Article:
“Over the period 1694-5 Newton received another 150 observations. They were, however, none too reliable, having been made with the help of a stellar catalogue constructed with the help of a sextant alone. By this time Flamsteed was beginning to resent Newton’s somewhat imperial tone. ‘But I did not think myself obliged’, he complained, ‘to employ my pains to serve a person that was so inconsiderate as to presume he had a right to that which was only a courtesy (Baily, p. 63). Consequently, he returned to his own work, leaving Newton to work through the observations he had already received.

“The two continued to see each other and to discuss Flamsteed’s lunar observations until January 1699. This part of the correspondence ends with Flamsteed lecturing Newton on pride and humility. His own humility, he proudly told Newton, allowed him to ‘excuse small faults in all mankind’, and to ‘bear great injurys without resentment’.

“The second stage of the dispute began on 11 April 1704 with a visit by Newton to Greenwich. Newton had yet to complete his lunar theory and could scarcely have looked forward to the prospect of another prolonged quarrel with Flamsteed. He seems to have decided to attempt to resolve the problem in a more direct manner. Using his position as President of the Royal Society, and his connections at Court, he sought to pressurise Flamsteed into publishing his long-awaited catalogue, thus putting all his observations into the public domain. The approach was rejected. Newton, Flamsteed noted, was too obviously someone who ‘would be my friend no further than to serve his own ends … spiteful, and swayed by those that were worse than himself’ (Baily, p. 66).

“Newton went over Flamsteed’s head and gained the backing of Prince George, husband to Queen Anne, for the project. Scientists in the eighteenth century did not reject the offer of royal patronage. Consequently, Flamsteed in November drew up an estimate of his three-volume catalogue. The work would be 1,450 pages long and the printing of the first volume could begin immediately. Unwilling to leave the task to Flamsteed, Newton arranged instead for a Committee of Referees to examine Flamsteed’s papers and to oversee publication. The members of the Committee were either, like Francis Aston and David Gregory, Newton’s men or, like Sir Christopher Wren, too old and busy to concern themselves with such a task. Newton also extracted from Prince George the sum of £863 to finance the project. It soon became clear that Newton and Flamsteed had different visions of the planned work. Flamsteed had hoped to present his work within a detailed historical context by including in the third volume, along with his own stellar catalogue, all important earlier catalogues from Ptolemy to Hevelius. He also wished to add a celestial atlas consisting of sixty large star-charts. Newton’s aim was much more restricted and consisted of no more than completing and publishing Flamsteed’s observations.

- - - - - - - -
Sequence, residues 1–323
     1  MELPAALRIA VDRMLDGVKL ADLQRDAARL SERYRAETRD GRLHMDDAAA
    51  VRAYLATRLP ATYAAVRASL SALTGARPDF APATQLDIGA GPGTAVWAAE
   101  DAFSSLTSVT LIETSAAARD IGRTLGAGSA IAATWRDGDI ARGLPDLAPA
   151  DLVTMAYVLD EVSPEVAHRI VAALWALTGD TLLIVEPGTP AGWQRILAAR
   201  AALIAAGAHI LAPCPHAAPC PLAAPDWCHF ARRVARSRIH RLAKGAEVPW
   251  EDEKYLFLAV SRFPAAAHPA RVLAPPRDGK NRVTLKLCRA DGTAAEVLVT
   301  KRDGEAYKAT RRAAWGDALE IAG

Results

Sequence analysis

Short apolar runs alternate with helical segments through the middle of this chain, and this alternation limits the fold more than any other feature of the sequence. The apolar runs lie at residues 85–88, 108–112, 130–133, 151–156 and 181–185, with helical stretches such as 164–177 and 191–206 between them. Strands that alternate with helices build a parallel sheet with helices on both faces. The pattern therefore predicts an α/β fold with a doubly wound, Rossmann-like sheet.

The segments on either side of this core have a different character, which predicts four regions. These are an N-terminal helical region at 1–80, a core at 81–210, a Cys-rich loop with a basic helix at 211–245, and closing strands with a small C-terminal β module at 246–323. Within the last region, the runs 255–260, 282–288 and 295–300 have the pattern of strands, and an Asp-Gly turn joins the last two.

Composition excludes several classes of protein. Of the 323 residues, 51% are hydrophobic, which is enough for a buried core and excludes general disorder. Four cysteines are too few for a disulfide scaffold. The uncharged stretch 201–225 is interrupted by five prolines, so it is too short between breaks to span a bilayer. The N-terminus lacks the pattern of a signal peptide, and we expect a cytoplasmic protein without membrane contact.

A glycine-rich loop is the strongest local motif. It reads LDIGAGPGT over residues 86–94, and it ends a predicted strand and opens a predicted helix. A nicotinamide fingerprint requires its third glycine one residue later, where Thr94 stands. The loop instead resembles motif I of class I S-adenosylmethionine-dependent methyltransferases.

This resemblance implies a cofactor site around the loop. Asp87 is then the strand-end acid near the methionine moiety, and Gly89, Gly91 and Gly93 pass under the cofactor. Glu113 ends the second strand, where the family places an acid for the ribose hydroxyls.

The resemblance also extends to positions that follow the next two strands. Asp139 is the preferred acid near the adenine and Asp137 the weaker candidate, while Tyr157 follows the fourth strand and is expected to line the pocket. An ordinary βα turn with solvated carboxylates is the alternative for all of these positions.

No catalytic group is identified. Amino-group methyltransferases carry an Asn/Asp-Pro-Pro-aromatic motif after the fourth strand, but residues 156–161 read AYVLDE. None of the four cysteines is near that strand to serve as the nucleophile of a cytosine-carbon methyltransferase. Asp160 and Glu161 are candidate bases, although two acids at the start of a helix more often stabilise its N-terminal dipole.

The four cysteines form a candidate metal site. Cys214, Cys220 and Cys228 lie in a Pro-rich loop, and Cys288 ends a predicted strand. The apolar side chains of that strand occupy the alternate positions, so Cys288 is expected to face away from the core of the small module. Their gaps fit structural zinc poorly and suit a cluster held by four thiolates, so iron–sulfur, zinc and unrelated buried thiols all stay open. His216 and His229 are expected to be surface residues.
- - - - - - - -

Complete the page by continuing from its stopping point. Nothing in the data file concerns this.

“Flamsteed could do little more than delay the project. In this he was quite successful as by 1708, when Prince George died, the first volume was still incomplete. With the death of Prince George the Referees no longer had control over Flamsteed’s text. Newton’s response was to have himself, as President of the Royal Society, appointed in 1710 a ‘constant Visitor’ to the Greenwich Observatory, with access to all observations and the right to direct the work of the Astronomer Royal. Shortly afterwards Flamsteed heard that the Queen had commanded him to hand over all outstanding material and so allow the work to be finally completed.

“It finally appeared in 1712, edited by Halley, as Historiae coelestis (History of the Heavens). It was not to Flamsteed’s liking, seeming to him to be no more than a parody of the work he had once dreamed of publishing. Equally distressing to him was the fact that it had been produced by Halley, a man he despised as an atheist, a libertine and a plagiarist (Baily, p. xxxi)” (Gjertsen, pp. 209-212). Four hundred copies of Halley’s edition were printed.

In the period 1699–1701, Flamsteed had begun to draw up pages listing stars in the zodiacal constellations, working his way through Orion and Monoceros to Lyra and Cygnus. After a hiatus of several years, Flamsteed began in August 1708 till January 1709 to work up some of the remaining constellations such as Ursa Minor and Draco. “Generally [Halley] preserved Flamsteed’s order of the stars and constellations, so that his final product looked much like the lists Flamsteed had originally submitted. Halley numbered the stars in each constellation, and arranged them in groups of five instead of the triplets used by Flamsteed … However, the most conspicuous systematic alterations concerned the verbal descriptions of the places of the stars within the mythological constellation figures. Foe example, Halley always changed Flamsteed’s use of dexter or sinister to less ambiguous words such as sequens, praecedens, superior or Boreus. The 1725 edition reverted to Flamsteed’s original description, but, in retrospect, Halley’s terminology seems generally preferable. Halley’s other major task was the completion of the six northern constellations, among them Ursa Major, Ursa Minor, Cepheus, Draco and Cassiopeia …